- The Washington Times - Wednesday, March 14, 2012

He wants those numbers: Rep. Darrell E. Issa has set a deadline of Thursday for Homeland Security Secretary Janet Napolitano. Intent on investigating allegations that the federal agency released “false and misleading border-crossing data,” the California Republican and chairman of the House Oversight and Government Reform Committee has asked her for 2011 operational records from eight border-patrol stations in the Tucson, Ariz., region.

“The numbers appear to dramatically understate the volume of individuals who crossed the border illegally and are neither arrested nor turned back south (‘got-aways’),” Mr. Issa writes in a letter to Ms. Napolitano, dated March 1. Based on extrapolations of representative data, the lawmaker suggests that 268,000 people entered the U.S. illegally and were never counted.

“The potential magnitude of the underreporting of got-aways casts doubt on the border-security numbers touted by the department during this administration. If got-aways are in fact being underreported to that extent, then the data on which you based the conclusion that ‘the border is safer than it has been in decades’ is seriously flawed,” Mr. Issa advises the secretary.

GO AWAY, MITT

Some of Ronald Reagan’s biggest fans are calling for Republican presidential hopeful Mitt Romney to drop out of the race, an edict usually reserved for his three main rivals. After Mr. Romney emerged in third place following the Mississippi and Alabama primaries, the climate has changed, they say.

“Talk of Romney’s inevitable nomination has been silenced. In 15 primary contests, Romney has averaged 38.4 percent. He is in no way a unifying candidate. Rather, he is divisive and outside the mainstream,” says Diana Banister of Citizens for the Republic, a grass-roots group founded by “Reagan stalwarts,” including Edwin Meese III, Peter Hannaford and Craig Shirley.

“For the sake of the party of Reagan, Romney should allow the remaining conservative candidates to campaign for the nomination,” Ms. Banister continues, noting that Mr. Romney’s so-so showing in the South proves “he is distrusted by the heart and soul of the party” and that’s he’s failed to persuade conservatives that he’s “one of us,” she adds.

ROMNEY ON ROMNEY

“Megyn, guess what? I made a lot of money. I’ve been very successful. I’m not going to apologize for that. I know the DNC tries to push this out, and they get it on the mainstream media networks, and that’s where you guys see it, and everybody laughs about it. Because, in this country, we want someone who can help other people become successful. We’re not going to choose our president based on these little innuendoes.”

(Mitt Romney to Fox News host Megyn Kelly, who pressed Mr. Romney on his recent wealth-related gaffes.)

PETITE CUISINE

“The White House is a big place, but the kitchen is really teeny. You wouldnt believe it. It’s a little-bitty kitchen.”

(First lady Michelle Obama describing the facilities to student visitors at the White House on Wednesday.)

THE CARTOON PAUL

Now on retail book shelves and Amazon, it’s the 32-page “Political Power: Ron Paul” biographical comic book.

Mitt Romney might be winning the delegates, but Ron Paul has won over the retailers. The Ron Paul comic is outselling a similar book on Mitt Romney,” says Darren Davis, the publisher of Blue Water Comics, who managed to hand Mr. Paul a few copies during the Washington state caucuses.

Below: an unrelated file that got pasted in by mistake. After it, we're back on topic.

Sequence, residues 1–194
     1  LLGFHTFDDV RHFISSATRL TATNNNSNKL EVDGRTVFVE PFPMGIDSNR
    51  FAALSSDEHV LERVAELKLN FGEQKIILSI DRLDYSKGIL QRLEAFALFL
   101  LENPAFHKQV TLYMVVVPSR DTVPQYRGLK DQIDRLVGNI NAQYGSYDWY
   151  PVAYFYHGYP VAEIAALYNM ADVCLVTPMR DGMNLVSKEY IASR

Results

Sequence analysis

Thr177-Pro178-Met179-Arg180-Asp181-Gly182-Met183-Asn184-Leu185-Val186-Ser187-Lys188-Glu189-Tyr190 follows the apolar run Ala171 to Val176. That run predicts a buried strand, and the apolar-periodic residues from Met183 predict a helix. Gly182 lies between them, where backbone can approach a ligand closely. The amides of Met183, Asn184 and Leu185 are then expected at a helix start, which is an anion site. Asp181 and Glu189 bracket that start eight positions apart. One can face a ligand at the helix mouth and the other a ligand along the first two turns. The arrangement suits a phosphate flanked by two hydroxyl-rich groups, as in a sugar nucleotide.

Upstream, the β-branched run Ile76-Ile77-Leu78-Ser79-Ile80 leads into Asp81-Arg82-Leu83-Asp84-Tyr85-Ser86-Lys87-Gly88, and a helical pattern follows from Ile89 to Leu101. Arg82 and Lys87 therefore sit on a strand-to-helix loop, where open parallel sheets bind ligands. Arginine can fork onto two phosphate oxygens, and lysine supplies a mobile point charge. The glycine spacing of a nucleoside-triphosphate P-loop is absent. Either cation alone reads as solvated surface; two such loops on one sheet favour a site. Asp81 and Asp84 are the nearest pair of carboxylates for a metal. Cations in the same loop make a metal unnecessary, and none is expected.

“Ron Paul is many things — doctor, politician and now comic book character,” adds Mr. Davis, who has already produced comics based on Mitt Romney, Sarah Palin, President Obama and former President George W. Bush. “No one can ever say Rep. Paul is boring. And is 2012 the year that this Republican, with libertarian tendencies and a loyal following, claims the White House?”

DEFENDING RUSH

“Your network, working on marching orders from Media Matters, is on a mission to take Rush Limbaugh off the air. Far from being an independent journalistic enterprise, MSNBC is the very essence of a political lapdog of the far left. Just last night on MSNBC, Ed Schultz, Al Sharpton, and Lawrence O’Donnell all devoted time on their programs attacking Rush. In each case, they grabbed at thin air looking, looking, looking for the opportunity shamelessly to keep the story alive.”

“These assaults by MSNBC have nothing to do with what he said about Sandra Fluke, and everything to do with censoring prominent voices on the right. Gas prices are nearing $4 a gallon, the unemployment rate hovers over 8 percent, the U.S. debt is soaring to astronomical highs, but MSNBC is too busy to cover these legitimate news stories. Instead, you go after Rush.”

(Media Research Center founder Brent Bozell in a letter to MSNBC president Phil Griffin and Brian Roberts, chairman and CEO of Comcast, the network’s parent company. Mr. Bozell suggests MSNBC fire Mr. Schultz, or be considered “hypocrites.”)

POLL DU JOUR

• 82 percent of likely Republican voters think Rick Santorum would be “more effective” if he focused mostly on the economy and jobs in his campaign.

• 11 percent say he should focus on “values, morals and faith”; 7 percent are unsure.

• 64 percent of Republicans say Mitt Romney’s background as a private equity investor makes him “more prepared” than his rivals to create jobs.

• 26 percent say his background does not make him more prepared; 10 percent are unsure.

• 64 percent of Republicans say super PACs can “hurt the primary process.”

• 20 percent say super PACs can “help the process”; 16 percent are undecided.

• 46 percent of Republicans say the nominating process has been too negative; 33 percent say it is balanced; 16 percent say it’s positive.

Source: A Bloomberg News poll of 1,002 U.S. adults conducted March 8-11; the sample included 377 Republicans.)

Cartoons, murmurs, asides to jharper@washingtontimes.com

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